CNN, Stelter Gleefully Rule WH’s Spicer Has ‘A Problem...Going Forward’ after SNL Skit

Saturday Night Live couldn’t have drawn it up any better, folks. On Monday’s New Day, Reliable Sources host Brian Stelter and CNN media analyst Bill Carter sang the comedy show’s praises following Melissa McCarthy’s parody of Sean Spicer, spinning that the skit represents “a problem for the White House [and Spicer] going forward.”

“Okay, Brian, Melissa McCarthy. I mean, she embodied Sean Spicer. I mean, in that she became a man. She became — she took on some of his expressions. It was really a tour de force performance,” co-host Alisyn Camerota gushed to Stelter at the start of the segment.

Stelter agreed, predicting that “she will win awards for it and I'm sure she’ll be back” while Carter revealed that McCarthy’s appearance “only apparently was done very late Friday when they did rehearsals.” 

Carter then offered a full endorsement of the skit reflecting “extremes” that occur in Spicer’s daily White House press briefings: “Everything about it was spectacular, including how well-written it was because it played off the extremes of what happened in his press briefings.”

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Playing to SNL’s main objective of eroding the seriousness of any politician or staff member that’s not liberal, Stelter explained:

STELTER: And not to get serious about it, but it shows a problem for the White House. We’ve known this White House has a credibility gap and I think this now showing that Spicer is a punch line, at least to some people, it's a problem for the White House going forward. 

CUOMO: SNL is very relevant and they're certainly pol — they’re playing on the polarization. They get a lot of heat for things as well.

As my colleague Tim Graham opined on Twitter, it’s difficult to recall SNL ever lampooning Jay Carney or Josh Earnest from the Obama administration or Clinton press secretary Mike McCurry deflecting questions about Monica Lewinsky.

Stelter later conceded that the show often goes after Republican presidents, but still articulated that “it does feel like they’re going for broke with regards to Trump” even though they’re “always critical of presidents.”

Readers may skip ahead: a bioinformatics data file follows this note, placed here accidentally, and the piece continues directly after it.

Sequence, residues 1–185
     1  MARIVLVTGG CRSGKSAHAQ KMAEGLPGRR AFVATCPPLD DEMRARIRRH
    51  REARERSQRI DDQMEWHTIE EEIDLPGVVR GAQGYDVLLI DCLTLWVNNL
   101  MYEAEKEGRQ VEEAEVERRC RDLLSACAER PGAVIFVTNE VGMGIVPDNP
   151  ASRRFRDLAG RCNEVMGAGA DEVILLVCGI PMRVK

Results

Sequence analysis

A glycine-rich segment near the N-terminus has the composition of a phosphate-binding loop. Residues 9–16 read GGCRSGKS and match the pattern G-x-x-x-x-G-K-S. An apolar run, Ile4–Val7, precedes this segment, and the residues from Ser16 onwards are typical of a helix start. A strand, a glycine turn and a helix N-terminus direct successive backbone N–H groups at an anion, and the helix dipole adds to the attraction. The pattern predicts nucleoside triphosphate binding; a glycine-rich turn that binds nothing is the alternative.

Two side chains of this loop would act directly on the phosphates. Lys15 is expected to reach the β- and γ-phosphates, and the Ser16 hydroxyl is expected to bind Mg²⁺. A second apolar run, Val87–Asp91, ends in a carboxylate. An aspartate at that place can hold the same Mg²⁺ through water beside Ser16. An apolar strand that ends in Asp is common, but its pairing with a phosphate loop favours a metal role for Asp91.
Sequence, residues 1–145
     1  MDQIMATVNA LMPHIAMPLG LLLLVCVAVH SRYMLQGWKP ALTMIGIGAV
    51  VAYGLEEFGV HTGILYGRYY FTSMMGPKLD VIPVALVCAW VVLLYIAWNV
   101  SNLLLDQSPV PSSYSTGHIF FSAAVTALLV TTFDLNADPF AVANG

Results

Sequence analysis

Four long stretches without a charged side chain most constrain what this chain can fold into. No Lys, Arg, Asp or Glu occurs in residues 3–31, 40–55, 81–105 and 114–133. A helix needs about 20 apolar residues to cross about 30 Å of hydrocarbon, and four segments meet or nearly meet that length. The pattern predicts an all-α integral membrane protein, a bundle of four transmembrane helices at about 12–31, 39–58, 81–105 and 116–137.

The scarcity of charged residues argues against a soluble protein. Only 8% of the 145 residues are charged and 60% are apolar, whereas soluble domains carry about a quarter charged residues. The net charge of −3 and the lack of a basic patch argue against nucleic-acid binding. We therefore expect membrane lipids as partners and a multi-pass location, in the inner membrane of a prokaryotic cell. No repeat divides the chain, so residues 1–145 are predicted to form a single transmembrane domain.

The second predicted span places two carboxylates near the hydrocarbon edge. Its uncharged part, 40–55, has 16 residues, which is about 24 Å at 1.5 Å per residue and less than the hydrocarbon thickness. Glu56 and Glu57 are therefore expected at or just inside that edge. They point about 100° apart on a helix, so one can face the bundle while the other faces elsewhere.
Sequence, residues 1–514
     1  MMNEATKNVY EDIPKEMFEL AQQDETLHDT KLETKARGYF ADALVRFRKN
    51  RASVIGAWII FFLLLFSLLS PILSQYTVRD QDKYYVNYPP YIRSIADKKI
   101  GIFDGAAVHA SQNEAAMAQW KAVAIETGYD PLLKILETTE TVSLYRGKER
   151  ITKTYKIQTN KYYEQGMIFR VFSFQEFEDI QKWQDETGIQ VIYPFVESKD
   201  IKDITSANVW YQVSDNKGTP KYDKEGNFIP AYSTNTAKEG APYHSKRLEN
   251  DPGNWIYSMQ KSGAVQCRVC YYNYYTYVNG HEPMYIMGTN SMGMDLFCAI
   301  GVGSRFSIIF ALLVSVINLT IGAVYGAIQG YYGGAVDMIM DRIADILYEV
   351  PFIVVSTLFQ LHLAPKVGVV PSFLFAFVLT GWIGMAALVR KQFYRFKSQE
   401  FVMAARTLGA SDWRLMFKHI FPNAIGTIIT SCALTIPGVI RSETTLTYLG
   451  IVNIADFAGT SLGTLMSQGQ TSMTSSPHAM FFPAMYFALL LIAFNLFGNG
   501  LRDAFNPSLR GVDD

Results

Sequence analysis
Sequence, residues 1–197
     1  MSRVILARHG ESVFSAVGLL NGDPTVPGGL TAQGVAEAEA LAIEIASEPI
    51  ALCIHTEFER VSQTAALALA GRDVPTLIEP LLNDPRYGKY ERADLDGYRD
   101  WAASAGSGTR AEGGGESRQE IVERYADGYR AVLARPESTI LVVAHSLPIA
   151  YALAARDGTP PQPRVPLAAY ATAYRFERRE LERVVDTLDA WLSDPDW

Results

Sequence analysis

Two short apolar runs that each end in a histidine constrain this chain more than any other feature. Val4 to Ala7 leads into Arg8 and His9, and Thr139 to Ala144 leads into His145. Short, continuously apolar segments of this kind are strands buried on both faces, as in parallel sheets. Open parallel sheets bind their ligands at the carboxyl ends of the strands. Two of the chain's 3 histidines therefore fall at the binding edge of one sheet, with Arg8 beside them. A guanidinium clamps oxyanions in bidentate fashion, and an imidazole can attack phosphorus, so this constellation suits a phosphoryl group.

Moments later, Carter remarked about how political the show has become from top to bottom (with no suggestion that it’s a bad thing, however):

It is interesting that they — Saturday Night Live is really going all in on this. I mean, show was heavily, they did an faux ad about the, you know, people coming to the airports and the rules changing. Then Kristen Stewart comes out and first thing she talks about is the crazy looney tweets that Trump sent about her and her boyfriend. It is unrelenting. I don’t think I’ve seen them this on the attack than ever before.

Stelter added that SNL has been “programming this for one person” knowing that President Trump frequently tunes in and so “[t]hey are crafting these segments, for example, the Bannon one, directly for him.”

Of course, the sketch Stelter referred to was the cold open, which featured Alec Baldwin as Trump and a cast member dressed as the Grim Reaper to play Steve Bannon.

Here are the relevant portions of the transcript from CNN’s New Day on February 6:

CNN’s New Day
February 6, 2017
6:52 a.m. Eastern

ALISYN CAMEROTA: Okay, Brian, Melissa McCarthy. I mean, she embodied Sean Spicer. I mean, in that she became a man. She became — she took on some of his expressions. It was really a tour de force performance.

BRIAN STELTER: She became Sean Spicer and I would lo — we don't know yet how long this was in the works, whether it was her idea. I would love to find out exactly how it became about because I think we're going to remember this for a long time. I think she will win awards for it and I'm sure she’ll be back. 

(....)